The defendants oppose this thought arguing that this is no different from the delays in the health insurance (HIT) tax or the excise “Cadillac” tax. The Judge disagrees stating that delay of a tax and elimination of a tax are two different things. Changing the penalty to $0 required a change to the law. This change eliminates the tax. Any new assessment/penalty amount requires a future change to the law. The Court may only rule on what is now, not what may be in the future.
As a result, the Judge rules that the individual mandate is not a tax. Therefore, the individual mandate is unconstitutional.
Determination of Whether the Individual Mandate is Severable from the Rest of the ACA
In the 2012 SCOTUS ruling, the plaintiffs and defendants agree that the guaranteed issue and community rating provisions of the ACA are inseverable from the individual mandate. The Judge here took a broader view to determine severability.
Specifically, in the absence of verbiage indicating that a provision found unconstitutional not be severable from the law, the Court asks whether by separating the constitution and unconstitutional provisions from each other changes the intent of the law or what can accomplish.
According to the Judge, examples from the 2010 law show, in plain text, that the individual mandate is not separable from the rest of the ACA law. It is, in their words, the linchpin to the ACA and essential to its operation. Even that aside, without the individual mandate, the ACA ceases to operate as intended.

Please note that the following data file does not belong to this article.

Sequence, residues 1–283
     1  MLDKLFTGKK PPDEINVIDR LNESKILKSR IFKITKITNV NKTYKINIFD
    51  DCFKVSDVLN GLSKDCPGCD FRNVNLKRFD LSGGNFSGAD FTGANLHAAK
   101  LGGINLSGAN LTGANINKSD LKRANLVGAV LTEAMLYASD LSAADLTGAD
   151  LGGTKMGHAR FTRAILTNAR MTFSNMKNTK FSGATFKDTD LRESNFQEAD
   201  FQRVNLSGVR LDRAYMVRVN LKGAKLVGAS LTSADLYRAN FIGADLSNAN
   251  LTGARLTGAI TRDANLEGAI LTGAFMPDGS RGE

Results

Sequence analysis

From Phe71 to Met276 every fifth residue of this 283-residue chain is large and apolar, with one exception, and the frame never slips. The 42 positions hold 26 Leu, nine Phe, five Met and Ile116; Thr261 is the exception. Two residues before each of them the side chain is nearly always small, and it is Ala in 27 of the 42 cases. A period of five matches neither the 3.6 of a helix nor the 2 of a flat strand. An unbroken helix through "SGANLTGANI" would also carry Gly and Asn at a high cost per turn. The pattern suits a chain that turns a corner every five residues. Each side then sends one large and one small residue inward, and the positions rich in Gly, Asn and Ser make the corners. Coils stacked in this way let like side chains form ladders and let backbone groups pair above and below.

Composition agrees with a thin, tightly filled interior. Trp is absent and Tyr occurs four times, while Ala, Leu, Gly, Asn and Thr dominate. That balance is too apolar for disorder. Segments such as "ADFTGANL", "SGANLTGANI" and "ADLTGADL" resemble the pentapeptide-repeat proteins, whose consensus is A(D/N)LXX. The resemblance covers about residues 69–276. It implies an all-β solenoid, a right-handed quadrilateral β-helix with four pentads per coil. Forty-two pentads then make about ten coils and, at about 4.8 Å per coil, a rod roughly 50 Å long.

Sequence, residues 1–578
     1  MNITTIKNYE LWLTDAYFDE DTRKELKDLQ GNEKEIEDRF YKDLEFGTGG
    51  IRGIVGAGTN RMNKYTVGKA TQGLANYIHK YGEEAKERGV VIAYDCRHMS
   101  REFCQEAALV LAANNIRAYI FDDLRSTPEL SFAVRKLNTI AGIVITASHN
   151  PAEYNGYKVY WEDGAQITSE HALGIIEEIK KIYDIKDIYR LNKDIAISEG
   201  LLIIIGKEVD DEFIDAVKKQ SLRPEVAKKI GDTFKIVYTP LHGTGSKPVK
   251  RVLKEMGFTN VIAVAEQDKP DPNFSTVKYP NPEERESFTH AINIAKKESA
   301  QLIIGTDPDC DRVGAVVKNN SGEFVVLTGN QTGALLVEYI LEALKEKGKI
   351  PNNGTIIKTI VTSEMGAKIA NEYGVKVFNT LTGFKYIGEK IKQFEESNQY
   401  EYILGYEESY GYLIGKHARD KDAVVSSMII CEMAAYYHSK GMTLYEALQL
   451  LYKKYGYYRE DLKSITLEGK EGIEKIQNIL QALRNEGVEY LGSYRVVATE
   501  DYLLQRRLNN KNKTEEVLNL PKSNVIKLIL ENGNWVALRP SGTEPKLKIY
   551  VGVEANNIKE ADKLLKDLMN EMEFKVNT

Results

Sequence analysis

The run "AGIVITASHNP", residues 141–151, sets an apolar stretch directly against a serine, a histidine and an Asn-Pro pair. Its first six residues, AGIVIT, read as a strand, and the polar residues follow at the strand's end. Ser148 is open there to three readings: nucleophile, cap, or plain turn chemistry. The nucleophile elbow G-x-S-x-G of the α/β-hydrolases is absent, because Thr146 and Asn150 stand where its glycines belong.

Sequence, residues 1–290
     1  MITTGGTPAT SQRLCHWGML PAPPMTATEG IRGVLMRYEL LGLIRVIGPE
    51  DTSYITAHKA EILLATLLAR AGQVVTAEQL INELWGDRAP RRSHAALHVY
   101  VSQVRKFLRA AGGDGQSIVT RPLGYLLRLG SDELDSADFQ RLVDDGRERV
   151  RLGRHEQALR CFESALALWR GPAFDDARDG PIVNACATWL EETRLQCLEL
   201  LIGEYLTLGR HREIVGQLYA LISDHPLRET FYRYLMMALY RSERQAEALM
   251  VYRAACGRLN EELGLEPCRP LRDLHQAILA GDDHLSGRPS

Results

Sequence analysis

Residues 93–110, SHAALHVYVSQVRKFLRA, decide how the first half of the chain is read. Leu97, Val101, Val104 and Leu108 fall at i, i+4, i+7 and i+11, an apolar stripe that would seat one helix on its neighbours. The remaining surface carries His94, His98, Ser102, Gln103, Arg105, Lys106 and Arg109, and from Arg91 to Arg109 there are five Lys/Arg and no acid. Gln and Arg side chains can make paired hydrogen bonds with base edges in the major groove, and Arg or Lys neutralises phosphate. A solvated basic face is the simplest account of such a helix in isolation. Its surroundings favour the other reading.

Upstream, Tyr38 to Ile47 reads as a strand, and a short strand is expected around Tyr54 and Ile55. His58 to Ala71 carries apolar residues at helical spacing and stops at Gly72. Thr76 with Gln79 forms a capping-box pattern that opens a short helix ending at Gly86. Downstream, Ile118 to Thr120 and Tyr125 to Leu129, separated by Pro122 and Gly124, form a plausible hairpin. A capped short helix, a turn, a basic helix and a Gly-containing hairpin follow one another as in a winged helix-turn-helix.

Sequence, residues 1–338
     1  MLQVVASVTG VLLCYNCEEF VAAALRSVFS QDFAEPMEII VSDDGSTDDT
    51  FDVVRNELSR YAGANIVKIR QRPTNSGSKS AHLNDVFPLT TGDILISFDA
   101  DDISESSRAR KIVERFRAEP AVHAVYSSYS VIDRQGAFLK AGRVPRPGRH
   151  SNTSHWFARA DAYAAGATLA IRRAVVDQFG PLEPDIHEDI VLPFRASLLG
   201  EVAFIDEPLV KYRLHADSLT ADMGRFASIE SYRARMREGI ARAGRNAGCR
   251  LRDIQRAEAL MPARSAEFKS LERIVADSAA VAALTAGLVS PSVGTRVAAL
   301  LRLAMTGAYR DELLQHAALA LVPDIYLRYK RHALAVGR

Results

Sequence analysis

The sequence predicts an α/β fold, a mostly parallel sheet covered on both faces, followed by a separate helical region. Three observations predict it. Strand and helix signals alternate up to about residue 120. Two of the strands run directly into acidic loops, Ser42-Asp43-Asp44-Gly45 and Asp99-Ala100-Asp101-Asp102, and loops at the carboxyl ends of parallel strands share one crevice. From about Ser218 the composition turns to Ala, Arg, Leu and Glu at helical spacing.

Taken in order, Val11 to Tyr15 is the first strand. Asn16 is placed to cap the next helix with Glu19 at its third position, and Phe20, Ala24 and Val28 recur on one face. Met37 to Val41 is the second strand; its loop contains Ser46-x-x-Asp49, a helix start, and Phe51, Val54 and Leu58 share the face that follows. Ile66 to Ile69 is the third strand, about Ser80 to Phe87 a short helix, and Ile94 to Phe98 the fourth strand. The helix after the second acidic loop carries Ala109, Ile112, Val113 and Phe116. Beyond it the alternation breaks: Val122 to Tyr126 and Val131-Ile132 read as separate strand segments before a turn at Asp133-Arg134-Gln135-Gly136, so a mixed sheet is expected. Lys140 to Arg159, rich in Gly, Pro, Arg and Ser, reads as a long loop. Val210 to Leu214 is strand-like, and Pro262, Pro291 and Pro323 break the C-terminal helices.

In the absence of a mandate, Congress understood that individuals might forgo the purchase of insurance until they are sick. This would create an unstable marketplace resulting in higher cost and lower participation – both contrary to the intent of the law. The Judge provides numerous citations to verbiage in the law that confirms the significance of the individual mandate and its integral ties to the rest of the ACA.
The shared responsibilities create the interdependencies in the law. Without them, the results will not achieve the goal of the law. Therefore, the Judge finds that the individual mandate is not severable from the ACA.
Where Do We Go From Here?
It is clear that this decision is a significant one, but this is not the end of the road. There will most assuredly be appeals. The first question is who will file the first appeal and whether there may be multiple appeals. Already there are many opinions on whether the decision has long-term merit.
An appeal will go to the US Court of Appeals (Circuit Court). All parties will write their briefs and then the Court will review and hear arguments. If disputes continue, it will most likely move forward to the Supreme Court where submissions, hearings and decisions follow the same protocol. There can also be interim steps if the Court needs more information or there is agreement only on portions of the rule.
The timeline may be long. We certainly will not see any final resolution for a number of months and well into 2019. In the interim, remember that the ACA is still the law of the land. As such, employers, individuals, and carriers must comply with all parts of the law.
Employers should continue business as usual. You will still need to comply with the employer-shared responsibility, i.e., employer mandate, complete and file your ACA employee notifications and reporting timely, and continue to produce the notification and disclosures to your employees as the ACA requires.